Another image interrupted this question to myself: I got up off the couch and walked to the door, opened it, and left. I had somewhere else to be. In the next image I was inside my favorite bookstore in Seattle, standing in Fiction, a softcover in my hands, which at first I didn’t recognize. Then I saw the author’s name: my own. There was much to tell the silent psychoanalyst behind me. Maybe words could wait while I spent more seconds with the image of the softcover with my name on it.

Three on the Fourth Floor

Three books written decades apart from each other were in a stack on my desk. The screen of my laptop was blank. Three or four minutes had passed since I’d sat down and hoped to write the opening sentence. Maybe last night’s dream had encouraged me to sit down and try to write without any caffeine stimulating my mind: I walked through a forest at night without fear. It was a sunny afternoon in Seattle, and I wondered what these three texts wanted me to do with them. My fingers had yet to touch the keyboard. I imagined myself on the fourth floor of a downtown office building around forty minutes away by foot. I entered a familiar room. I was alone. Where was she? I asked this question once I was lying on the couch. No one else was present to hear it. My eyes opened. I hadn’t realized that they were closed. The three books and the blank screen remained in front of me on my desk.

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One of the three books was in my hands. There had been no conscious thought involved in choosing it. The softcover felt purposeful. I knew that its author was a psychoanalyst who lived in Johannesburg, South Africa. The author of one of the two other books was also a psychoanalyst, who lived in Cape Town. I imagined having a coffee with each of the two men. Why wasn’t one of them a woman? All three of the books were written by men. The office in downtown Seattle was that of a female psychoanalyst. She wouldn’t read my writing. I pictured her entering her office holding a cup of coffee, and when she saw me lying on her couch she asked me to please leave and come back at the agreed upon time. The last three words felt forced. Perhaps one more word before the period could magically help create a more natural kind of meaning. And then my fingers could start touching the keyboard.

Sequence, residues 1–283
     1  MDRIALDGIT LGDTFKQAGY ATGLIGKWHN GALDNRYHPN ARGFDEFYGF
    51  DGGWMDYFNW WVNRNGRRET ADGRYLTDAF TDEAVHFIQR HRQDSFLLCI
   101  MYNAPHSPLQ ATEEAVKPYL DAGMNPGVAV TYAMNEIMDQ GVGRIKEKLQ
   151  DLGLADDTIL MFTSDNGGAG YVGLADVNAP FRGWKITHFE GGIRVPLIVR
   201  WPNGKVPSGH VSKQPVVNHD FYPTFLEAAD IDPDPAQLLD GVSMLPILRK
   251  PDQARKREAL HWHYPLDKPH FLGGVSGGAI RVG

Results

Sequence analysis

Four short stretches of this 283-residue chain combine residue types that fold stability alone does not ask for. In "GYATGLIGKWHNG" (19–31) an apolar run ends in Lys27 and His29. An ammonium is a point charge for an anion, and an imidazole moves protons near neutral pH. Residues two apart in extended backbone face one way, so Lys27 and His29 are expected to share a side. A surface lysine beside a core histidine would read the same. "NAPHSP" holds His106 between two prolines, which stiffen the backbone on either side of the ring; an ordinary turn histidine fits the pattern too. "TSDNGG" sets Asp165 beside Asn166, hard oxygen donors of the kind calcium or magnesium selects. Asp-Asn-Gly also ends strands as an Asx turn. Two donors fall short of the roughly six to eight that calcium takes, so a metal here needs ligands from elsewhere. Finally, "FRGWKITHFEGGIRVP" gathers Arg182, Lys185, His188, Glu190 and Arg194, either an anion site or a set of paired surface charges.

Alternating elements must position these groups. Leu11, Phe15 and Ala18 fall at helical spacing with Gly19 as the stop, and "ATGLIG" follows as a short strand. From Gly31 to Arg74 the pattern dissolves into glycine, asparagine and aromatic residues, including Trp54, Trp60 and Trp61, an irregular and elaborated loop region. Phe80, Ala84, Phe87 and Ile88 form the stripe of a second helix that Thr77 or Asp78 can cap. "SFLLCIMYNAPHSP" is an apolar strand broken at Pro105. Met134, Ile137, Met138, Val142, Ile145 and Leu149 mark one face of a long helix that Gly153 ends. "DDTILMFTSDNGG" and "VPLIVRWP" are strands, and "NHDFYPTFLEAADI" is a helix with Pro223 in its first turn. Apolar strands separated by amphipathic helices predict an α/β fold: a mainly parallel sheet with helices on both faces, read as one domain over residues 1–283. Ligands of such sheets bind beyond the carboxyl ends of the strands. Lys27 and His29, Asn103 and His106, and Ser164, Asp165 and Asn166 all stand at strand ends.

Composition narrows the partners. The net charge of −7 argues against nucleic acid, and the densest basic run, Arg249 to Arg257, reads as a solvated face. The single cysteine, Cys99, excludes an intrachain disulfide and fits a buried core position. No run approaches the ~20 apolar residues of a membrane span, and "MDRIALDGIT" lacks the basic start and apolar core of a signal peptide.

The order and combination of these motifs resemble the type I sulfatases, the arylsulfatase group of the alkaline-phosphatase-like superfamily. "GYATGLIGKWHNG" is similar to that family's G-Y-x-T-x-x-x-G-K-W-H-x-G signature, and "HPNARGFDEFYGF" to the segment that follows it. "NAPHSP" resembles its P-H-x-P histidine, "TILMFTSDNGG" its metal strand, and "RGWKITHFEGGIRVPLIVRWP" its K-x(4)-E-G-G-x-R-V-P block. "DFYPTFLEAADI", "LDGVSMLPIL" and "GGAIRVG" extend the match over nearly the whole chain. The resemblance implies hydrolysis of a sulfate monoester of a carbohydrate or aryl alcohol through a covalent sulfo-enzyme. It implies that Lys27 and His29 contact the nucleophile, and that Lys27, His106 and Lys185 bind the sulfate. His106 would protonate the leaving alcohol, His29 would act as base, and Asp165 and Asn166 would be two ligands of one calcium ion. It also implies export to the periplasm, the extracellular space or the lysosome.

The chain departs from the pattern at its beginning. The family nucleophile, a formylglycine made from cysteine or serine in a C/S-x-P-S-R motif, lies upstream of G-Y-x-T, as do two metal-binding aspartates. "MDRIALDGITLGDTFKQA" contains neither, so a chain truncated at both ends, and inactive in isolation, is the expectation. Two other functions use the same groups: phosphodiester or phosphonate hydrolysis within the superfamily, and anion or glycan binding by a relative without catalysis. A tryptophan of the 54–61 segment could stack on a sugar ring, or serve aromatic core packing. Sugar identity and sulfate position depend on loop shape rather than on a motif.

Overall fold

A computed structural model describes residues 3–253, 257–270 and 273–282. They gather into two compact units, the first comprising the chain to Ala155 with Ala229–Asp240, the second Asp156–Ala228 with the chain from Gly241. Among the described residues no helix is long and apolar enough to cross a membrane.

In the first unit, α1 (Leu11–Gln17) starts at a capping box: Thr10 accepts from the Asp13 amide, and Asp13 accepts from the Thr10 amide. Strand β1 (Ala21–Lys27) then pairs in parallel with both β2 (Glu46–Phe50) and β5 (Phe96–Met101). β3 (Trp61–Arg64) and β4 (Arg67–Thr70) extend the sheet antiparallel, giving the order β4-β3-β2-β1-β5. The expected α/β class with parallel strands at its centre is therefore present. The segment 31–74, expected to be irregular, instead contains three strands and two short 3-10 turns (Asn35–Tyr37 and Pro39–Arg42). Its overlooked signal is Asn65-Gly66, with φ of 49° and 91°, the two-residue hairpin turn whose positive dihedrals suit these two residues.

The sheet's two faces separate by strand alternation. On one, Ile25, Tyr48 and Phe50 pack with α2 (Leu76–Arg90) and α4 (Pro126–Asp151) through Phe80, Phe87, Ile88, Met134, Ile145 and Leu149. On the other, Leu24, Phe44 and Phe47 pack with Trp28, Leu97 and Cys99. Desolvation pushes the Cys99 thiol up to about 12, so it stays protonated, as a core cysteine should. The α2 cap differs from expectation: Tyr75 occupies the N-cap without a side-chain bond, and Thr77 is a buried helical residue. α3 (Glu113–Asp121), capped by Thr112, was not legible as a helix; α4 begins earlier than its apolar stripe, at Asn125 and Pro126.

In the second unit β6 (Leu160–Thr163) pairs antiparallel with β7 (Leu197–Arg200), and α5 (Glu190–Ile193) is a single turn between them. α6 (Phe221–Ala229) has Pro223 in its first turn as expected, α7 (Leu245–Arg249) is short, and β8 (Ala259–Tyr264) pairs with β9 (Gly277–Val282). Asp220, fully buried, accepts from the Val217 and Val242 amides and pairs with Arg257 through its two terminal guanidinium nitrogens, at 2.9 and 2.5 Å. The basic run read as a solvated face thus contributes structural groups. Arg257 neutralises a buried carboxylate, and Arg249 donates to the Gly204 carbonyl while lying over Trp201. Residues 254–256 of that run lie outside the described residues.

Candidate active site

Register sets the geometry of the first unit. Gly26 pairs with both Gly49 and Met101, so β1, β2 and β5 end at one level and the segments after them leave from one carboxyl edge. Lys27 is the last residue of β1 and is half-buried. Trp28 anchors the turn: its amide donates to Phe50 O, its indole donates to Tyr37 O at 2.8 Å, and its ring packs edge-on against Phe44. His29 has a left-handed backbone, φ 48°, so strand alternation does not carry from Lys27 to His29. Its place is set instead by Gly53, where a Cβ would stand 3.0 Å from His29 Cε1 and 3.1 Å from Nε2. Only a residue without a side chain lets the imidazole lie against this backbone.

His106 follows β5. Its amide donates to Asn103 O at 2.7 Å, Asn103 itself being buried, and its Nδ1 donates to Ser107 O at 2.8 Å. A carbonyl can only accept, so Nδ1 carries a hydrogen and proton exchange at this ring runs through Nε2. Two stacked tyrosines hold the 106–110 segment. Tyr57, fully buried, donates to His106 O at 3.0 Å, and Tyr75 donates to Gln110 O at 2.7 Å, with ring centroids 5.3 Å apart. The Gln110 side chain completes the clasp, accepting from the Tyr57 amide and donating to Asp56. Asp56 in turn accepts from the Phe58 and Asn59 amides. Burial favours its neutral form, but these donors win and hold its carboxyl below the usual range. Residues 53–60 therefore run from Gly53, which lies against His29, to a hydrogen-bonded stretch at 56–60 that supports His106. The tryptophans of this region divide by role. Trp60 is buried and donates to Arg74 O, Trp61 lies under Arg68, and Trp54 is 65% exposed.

White Surfaces

A woman dressed in white waded in toward the middle of the river. A dove landed on her head as she moved through the rushing water. I was afraid that at any moment she would disappear under the surface. Who was she? She looked familiar. Where did the dove come from? Maybe I was experiencing a religious hallucination.

Where did I just disappear to in my head? I glanced at my watch: 11:23 am. I found myself subtracting 11 from 23, and twelve brought to mind a memory of a summer afternoon when I was twelve and I jumped into a river headfirst. I wouldn’t have done that, I thought. I would’ve been afraid of rocks below the surface. In reality, I was at my desk, holding a blue pen, as if I had faith that an image would soon come to mind and lead me to write another sentence. I imagined a windy day on the water, on a lake or in the ocean, and I was alone in my lapstrake rowboat.

I wrote another sentence, reread it, and realized that a preposition was missing. Perhaps my mind was missing, which seemed to lead me to the word craziness. Then I pictured myself climbing a tree, in a hurry to reach the top, as if I were afraid of danger below. Another sentence wrote itself: There’s hope. Remember where you are. I had disappeared again. I was back, at my desk, writing with my blue pen. The woman in white returned. She was crossing the river. She would reach the other side. Maybe I was reaching some other side in my mind. I no longer felt in danger. This wasn’t superficial work, was it? I could drown. I imagined myself crossing a river, and soon I was on the other side. I had made it. Maybe I wouldn’t dive in headfirst next time.